For the reasons that the proposed bus stop layout changes will ensure that the bus box is of sufficient length to accommodate buses; no stopping restrictions will prevent other vehicles from blocking full access to the bus stop, and passengers will be able to board and alight safely and easily.




Update on Petone and Moera Libraries

The Director Neighbourhoods and Communities was an apology for the meeting. An update on Petone and Moera libraries is attached as page 23 to the minutes


Chair's Report (22/1964)

Report No. PCB2022/4/137 by the Chair, Petone Community Board


Speaking under public comment, Ruth Mansell, acknowledged the leadership and hard work of the Chair. She noted the time spent researching issues relating to the area, to inform decisions and alerting members to issues affecting the area. She said that the Chair had provided access to learn what was happening in the community through the use of public and informal meetings, this facilitated an environment where discussions could occur, providing unbiased assistance and going through all the options available to members.

Speaking under public comment, Lois Robinson thanked the Chair for her work and contribution to the Petone and Moera communities. She noted the hard work this entailed. She said the Chair maintained a fair and unbiased position and followed Council’s processes to achieve results.

Speaking under public comment, Anne Godfrey thanked the Chair for her work. She also thanked the Chair for keeping the community up to date with what was happening in the area.

The Chair spoke to her report. She noted that this was her final report. She presented additional notes attached as page 24 to the minutes.


Resolved: (M Fisher/A Voutratzis)                                               Minute No. PCB 22403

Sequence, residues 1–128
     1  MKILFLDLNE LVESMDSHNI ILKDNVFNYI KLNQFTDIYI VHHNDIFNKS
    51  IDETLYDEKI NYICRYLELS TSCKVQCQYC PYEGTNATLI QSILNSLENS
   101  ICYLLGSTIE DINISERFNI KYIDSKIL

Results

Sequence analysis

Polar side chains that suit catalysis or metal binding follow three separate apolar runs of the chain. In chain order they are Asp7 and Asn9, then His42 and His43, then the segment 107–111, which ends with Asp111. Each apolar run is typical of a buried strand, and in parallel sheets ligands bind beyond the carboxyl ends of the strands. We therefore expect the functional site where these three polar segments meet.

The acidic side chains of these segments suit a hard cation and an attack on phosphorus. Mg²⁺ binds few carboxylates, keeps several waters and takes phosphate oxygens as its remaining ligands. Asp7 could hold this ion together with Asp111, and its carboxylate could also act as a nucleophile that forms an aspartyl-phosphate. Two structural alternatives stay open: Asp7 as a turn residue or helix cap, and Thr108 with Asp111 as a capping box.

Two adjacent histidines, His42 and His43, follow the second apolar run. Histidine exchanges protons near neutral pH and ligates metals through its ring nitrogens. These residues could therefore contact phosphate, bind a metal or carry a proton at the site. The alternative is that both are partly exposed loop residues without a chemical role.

“That the Chair’s report be received and noted.”


Resolved: (P Hanna/A Voutratzis)                                             Minute No. PCB 22404

“That the Petone Community Board make a submission on Plan Change 56 noting the following:


1.         querying the use of Metropolitan Centre to describe the Petone Commercial Area, the walkable catchment decided on, and the interaction between natural hazards and resource consents;

2.         agreeing that developers should pay based on the number of dwellings not per subdivision;

3.         agreeing that minimum landscaping, outlook and facade glazing rules are introduced;

4.         stating that site coverage should be 50% maximum; 

5.         pointing out that the lack of heritage protection in Petone and Moera is because previous councils have not taken actions required by national and regional standards;

6.         that intensification across Petone and Moera should, therefore, be further reduced.”



Democracy Advisor's Report (22/1853)

Report No. PCB2022/4/152 by the Democracy Advisor


The Traffic Engineering Manager advised that the options for Richmond Street had not been finalised. He said officers had investigated the matter and three options were being considered. He acknowledged that repainting the pedestrian crossing would improve its visibility but did not fully address the issue, and would be a temporary measure while a full street review was being undertaken.



Resolved: (P Hanna/M Henderson)                                    Minute No. PCB 22405

“That the Board notes and receives the report.”


A member advised the temporary pedestrian lights on Randwick Road were not working at night. He asked that the lights be activated as safety concerns had been raised. The Traffic Engineer agreed to investigate the issue.




Kia whakapapa pounamu                                         May the days ignite –

te moana                                                                     as sunlight

kia teretere                                                                  on greenstone water